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6 years 7 months ago #9645 by Dicko
I knew it :)

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6 years 1 month ago #12691 by Dooley
I don't think there is any "right" length for all paddlers in all conditions.

I'm 6'2" and I usually use 212cm.

I often go longer on the flat or in tamer ocean conditions; usually use 212 on the ocean; but will go shorter still in really rough conditions/downwinds/bigger surf getting out, etc.

But I suspect it all depends on the paddler, their arm length, their blade type, skill set, whether they are racing or going for stability in the rough etc.

I was once told by a very accomplished ocean ski paddler to experiment with different lengths in different conditions and if it works for you do more of the same! Been doing this ever since. Still not sure I have found the perfect answer though.

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6 years 1 month ago #12693 by robin.mousley
Not sure if this has been said but... Oscar Chalupsky has talked about the length of the paddle being like your gears on a car or bike. In the last Molokai (his 12th victory), he changed paddle length twice DURING the race. Once to "change down" to power past Dean Gardiner and then again to paddle into the wind.

I also know that Dawid Mocke trains with one length, then reduces the length by 2cm or so for the race.

Rob

Currently Fenn Swordfish S, Epic V10 Double.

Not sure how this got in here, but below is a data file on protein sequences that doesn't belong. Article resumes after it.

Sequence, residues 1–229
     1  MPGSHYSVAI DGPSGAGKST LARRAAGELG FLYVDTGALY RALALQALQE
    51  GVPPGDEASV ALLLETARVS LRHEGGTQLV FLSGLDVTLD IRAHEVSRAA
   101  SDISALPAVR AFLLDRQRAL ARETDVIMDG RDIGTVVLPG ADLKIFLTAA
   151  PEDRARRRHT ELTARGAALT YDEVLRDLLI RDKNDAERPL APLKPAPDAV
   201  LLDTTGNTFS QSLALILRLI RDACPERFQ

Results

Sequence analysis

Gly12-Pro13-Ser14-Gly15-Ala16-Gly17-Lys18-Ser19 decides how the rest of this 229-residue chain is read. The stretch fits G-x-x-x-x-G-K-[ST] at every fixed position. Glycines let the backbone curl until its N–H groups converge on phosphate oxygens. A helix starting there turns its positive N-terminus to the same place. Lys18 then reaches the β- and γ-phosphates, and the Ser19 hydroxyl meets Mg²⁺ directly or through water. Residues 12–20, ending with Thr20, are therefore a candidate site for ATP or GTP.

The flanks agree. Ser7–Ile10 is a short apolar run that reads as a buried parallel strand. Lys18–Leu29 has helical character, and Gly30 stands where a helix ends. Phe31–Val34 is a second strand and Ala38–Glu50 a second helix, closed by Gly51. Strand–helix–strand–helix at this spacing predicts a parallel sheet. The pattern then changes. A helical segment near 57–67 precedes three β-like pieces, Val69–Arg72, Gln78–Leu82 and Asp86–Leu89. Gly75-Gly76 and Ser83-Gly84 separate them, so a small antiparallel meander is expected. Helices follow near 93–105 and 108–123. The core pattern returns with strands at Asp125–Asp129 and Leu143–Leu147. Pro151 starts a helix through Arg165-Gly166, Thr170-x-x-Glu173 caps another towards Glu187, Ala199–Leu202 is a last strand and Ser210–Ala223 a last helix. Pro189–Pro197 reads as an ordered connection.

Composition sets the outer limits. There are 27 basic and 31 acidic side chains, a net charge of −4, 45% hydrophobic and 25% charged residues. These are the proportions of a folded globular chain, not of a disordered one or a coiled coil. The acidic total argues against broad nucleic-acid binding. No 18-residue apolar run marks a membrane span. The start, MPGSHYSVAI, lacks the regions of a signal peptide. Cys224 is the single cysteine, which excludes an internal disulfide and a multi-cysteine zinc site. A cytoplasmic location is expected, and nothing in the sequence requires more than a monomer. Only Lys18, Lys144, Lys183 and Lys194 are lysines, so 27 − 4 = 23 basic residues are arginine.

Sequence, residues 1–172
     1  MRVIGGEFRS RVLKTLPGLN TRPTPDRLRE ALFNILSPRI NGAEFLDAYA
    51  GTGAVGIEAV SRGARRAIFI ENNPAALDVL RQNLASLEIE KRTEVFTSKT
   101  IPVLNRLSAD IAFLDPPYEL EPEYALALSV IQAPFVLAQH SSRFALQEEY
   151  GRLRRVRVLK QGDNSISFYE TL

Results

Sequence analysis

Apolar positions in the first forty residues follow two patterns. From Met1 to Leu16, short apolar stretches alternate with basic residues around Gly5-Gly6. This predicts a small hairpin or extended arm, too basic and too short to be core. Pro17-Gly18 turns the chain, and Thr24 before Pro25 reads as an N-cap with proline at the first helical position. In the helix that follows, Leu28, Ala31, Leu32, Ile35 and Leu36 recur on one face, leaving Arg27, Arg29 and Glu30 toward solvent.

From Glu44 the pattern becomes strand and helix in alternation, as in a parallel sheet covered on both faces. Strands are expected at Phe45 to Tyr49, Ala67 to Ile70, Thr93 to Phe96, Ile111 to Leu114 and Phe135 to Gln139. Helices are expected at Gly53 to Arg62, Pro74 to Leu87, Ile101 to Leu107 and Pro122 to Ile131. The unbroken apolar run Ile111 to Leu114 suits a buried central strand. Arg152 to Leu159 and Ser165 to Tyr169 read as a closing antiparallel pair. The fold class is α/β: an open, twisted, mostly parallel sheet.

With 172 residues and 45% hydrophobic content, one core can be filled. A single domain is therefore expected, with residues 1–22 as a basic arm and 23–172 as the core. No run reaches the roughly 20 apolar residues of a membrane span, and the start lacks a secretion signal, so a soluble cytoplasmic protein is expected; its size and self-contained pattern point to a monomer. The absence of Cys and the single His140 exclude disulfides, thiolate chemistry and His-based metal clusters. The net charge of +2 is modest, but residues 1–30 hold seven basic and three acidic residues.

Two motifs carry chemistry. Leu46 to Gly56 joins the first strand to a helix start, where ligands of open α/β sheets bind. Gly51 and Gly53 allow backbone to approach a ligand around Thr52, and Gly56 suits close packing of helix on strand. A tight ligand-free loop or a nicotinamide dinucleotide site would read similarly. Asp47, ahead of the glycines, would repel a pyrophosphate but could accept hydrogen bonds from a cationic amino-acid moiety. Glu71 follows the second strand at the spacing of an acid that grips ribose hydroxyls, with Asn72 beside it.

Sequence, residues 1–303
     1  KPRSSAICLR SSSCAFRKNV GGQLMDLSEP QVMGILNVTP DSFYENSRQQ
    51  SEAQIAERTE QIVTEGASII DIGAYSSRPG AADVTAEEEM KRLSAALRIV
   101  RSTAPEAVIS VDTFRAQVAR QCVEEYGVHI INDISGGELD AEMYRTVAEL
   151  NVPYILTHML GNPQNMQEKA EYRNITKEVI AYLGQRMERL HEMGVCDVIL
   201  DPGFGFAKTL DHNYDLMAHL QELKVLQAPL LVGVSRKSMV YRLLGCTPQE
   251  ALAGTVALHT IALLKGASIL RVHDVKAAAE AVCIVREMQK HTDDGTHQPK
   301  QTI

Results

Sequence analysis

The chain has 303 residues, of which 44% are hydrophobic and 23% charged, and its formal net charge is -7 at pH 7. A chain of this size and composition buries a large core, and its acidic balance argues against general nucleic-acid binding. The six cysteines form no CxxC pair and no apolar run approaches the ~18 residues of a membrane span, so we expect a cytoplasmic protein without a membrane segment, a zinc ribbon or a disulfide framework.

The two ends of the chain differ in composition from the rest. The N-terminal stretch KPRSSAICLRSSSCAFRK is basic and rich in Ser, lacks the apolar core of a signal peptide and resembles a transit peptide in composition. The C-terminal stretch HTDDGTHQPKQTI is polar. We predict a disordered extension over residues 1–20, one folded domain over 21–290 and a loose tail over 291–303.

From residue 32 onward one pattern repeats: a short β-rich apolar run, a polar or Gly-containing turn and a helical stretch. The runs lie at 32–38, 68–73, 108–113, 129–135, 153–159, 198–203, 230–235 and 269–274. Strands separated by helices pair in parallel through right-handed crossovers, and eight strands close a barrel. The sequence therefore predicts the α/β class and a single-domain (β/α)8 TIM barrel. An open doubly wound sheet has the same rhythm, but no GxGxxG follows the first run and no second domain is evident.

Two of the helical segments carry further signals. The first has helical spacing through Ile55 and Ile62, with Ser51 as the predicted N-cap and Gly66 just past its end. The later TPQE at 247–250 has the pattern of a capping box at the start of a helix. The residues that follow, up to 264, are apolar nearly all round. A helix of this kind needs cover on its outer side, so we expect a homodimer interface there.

Previously: Think Evo II, Carbonology Zest, Fenn Swordfish, Epic V10, Fenn Elite, Red7 Surf70 Pro, Epic V10 Sport, Genius Blu, Kayak Centre Zeplin, Fenn Mako6, Custom Kayaks ICON, Brian's Kayaks Molokai, Brian's Kayaks Wedge and several others!
The following user(s) said Thank You: Dooley

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6 years 1 month ago #12694 by hudE
After reading all the above threads i,m totally confused. Surely the ideal length and blade size is the result of a number of factors including: paddler height, strenght and shoulder width, ski width and seat height relative to water level as well as paddler weight which will obviously affect the relative seat height, also water state, fresh or salt, flat of 3metre downwind swell.surely a 50mm change in length only equates to 25mm either side which in a rough sea will be unnoticeable to 80% of paddlers.
I,m just giving up on the science and playing between 210 and 215cm on Fenn 4. It' s all I got so i'm just going paddling.